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Violence kills 20 in Iraq

From Mohammed Tawfeeq, CNN
Iraqis protest on the eighth anniversary of the fall of Saddam Hussein's regime against the American troop presence in Iraq.
Iraqis protest on the eighth anniversary of the fall of Saddam Hussein's regime against the American troop presence in Iraq.
  • NEW: Bombs kill 10 in Khan Bani Saad
  • NEW: A blast in northeast Baghdad kills a police officer
  • The death toll rises to six in a Falluja bombing
  • A blast in Baghdad kills three
  • Baghdad
  • Falluja
  • Iraq

Baghdad (CNN) -- Violence in Iraq killed 20 people and injured 37 on Monday, authorities said.

In Khan Bani Saad, a city in the eastern Diyala Province, two roadside bombs exploded, killing 10 and wounding two, officials with the Iraqi Interior Ministry said. The first blast occurred outside a house. The second blast hit as residents gathered to help people wounded in the initial attack.

Separately, an Iraqi police officer was killed and his driver critically wounded Monday when a sticky bomb attached to his car exploded in a northeast Baghdad neighborhood, the ministry officials said.

In Falluja, the explosions of a roadside bomb and two car bombs killed six and wounded 23, police said. First a bomb in a trash container exploded. It caused no casualties but attracted security forces and a bomb-disposal team, police said. Then a parked car exploded, killing and wounding several, police said. A third bomb exploded later, killing and injuring more people, police said.

At least three Iraqi security forces were among the dead in central Falluja. Local authorities imposed a full curfew on pedestrians and vehicles in the Falluja's al-Andulus neighborhood, where the explosions occurred.

Meanwhile, in southeastern Baghdad, a roadside bomb explosion in a commercial area killed three civilians and wounded 11 others, officials at the Iraqi Interior Ministry said.

One person was seriously hurt in another explosion in central Baghdad.

Government figures show the death toll in Iraqi violence has been rising. In March, 247 Iraqis were killed, up from 197 people in February. Another 370 people were wounded in March.

Overall, violence in Iraq has dropped dramatically since the peak of the sectarian violence between 2005 and 2007, but mortar attacks, bombs and assassinations are still commonplace.

The latest wave of violence in the country, especially in the past two weeks, has raised questions over the ability of Iraqi security forces to protect the country as U.S. troops plan to leave Iraq.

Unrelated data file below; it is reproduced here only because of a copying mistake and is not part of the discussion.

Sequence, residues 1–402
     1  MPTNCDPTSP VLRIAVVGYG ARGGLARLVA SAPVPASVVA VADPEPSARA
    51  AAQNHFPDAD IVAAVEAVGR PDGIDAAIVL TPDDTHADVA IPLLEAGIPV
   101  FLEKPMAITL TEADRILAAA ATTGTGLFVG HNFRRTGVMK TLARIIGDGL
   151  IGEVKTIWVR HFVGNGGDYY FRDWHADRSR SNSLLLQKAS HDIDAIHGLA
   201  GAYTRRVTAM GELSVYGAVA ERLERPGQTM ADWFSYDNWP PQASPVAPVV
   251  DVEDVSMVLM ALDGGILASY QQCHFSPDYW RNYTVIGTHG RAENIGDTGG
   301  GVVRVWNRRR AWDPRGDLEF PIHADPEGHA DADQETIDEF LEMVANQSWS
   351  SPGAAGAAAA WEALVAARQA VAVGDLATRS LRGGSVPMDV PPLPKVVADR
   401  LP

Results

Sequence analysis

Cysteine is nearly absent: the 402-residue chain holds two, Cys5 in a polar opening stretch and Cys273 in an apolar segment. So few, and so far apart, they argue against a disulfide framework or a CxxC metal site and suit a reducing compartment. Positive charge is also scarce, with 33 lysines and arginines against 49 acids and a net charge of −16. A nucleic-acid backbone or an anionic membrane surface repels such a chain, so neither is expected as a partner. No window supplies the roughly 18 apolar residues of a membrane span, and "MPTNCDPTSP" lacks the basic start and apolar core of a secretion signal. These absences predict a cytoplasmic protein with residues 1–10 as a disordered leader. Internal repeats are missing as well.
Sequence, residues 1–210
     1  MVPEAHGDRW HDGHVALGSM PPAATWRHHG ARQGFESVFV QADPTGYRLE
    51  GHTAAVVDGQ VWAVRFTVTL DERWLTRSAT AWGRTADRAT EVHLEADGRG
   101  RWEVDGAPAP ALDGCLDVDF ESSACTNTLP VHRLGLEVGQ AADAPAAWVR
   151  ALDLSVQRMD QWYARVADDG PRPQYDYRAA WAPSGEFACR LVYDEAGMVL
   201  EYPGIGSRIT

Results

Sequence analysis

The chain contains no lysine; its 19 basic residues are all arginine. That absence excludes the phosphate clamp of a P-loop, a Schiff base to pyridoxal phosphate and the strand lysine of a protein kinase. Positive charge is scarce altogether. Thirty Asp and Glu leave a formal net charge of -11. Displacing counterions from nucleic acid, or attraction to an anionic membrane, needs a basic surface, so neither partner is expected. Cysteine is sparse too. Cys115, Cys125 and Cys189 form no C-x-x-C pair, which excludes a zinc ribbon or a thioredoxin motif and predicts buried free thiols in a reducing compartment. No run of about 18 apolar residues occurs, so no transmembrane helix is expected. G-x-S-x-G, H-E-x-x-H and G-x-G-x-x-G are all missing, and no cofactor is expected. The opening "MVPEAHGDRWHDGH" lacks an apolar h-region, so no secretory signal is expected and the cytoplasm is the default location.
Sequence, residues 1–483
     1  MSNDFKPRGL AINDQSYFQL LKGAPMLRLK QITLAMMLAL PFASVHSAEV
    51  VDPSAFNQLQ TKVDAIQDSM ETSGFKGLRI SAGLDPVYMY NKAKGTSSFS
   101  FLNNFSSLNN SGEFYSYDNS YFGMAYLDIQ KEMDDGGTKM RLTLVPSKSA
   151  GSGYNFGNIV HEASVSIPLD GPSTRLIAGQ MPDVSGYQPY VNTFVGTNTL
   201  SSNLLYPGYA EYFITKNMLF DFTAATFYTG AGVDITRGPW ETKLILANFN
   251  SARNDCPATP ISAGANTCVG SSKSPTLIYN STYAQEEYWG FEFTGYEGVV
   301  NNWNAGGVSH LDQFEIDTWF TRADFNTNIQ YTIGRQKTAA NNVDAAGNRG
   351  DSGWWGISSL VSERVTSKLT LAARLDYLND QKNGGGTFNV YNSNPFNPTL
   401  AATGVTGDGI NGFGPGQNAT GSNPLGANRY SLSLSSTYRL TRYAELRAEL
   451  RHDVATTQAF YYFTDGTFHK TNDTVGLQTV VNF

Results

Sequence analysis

American troops are scheduled to depart from Iraq by year's end under a bilateral agreement between the Iraqi government and the United States.

But if violence increases and instability persists, it is possible both countries could agree to keep some U.S. troops in Iraq, which now has about 47,000 American soldiers. The figure is down from a high of 171,000 in 2003.

Kurdish lawmaker Mahmoud Othman told CNN there is a possibility that Iraqi government officials could ask the U.S government to keep some troops in Iraq beyond 2011.

"There is a possibility, you can't exclude it, but till now the government says that they will not ask for it and, you know, the U.S. government, they think it's necessary ... but they don't want themselves to ask for it because if they ask for it will affect (President Barack) Obama's position," Othman said.

"So they (U.S. officials) ask the Iraqis to ask for it," he added. "The Iraqis are reluctant because of different reasons, internal and external reasons."

U.S. Defense Secretary Robert Gates recently made an unannounced visit to Iraq and discussed American troop presence with top officials, including Iraqi Prime Minister Nuri al-Maliki.

"My message to them was if there is to be a presence or they still need help, we are open to that possibility. But they have to ask, and time is running out in Washington because we have a lot going on around the world and we've got to make some decisions," Gates said.

"It obviously would be a presence that's a fraction of the size of the one we have here now. But it's really up to the Iraqis at this point." he added.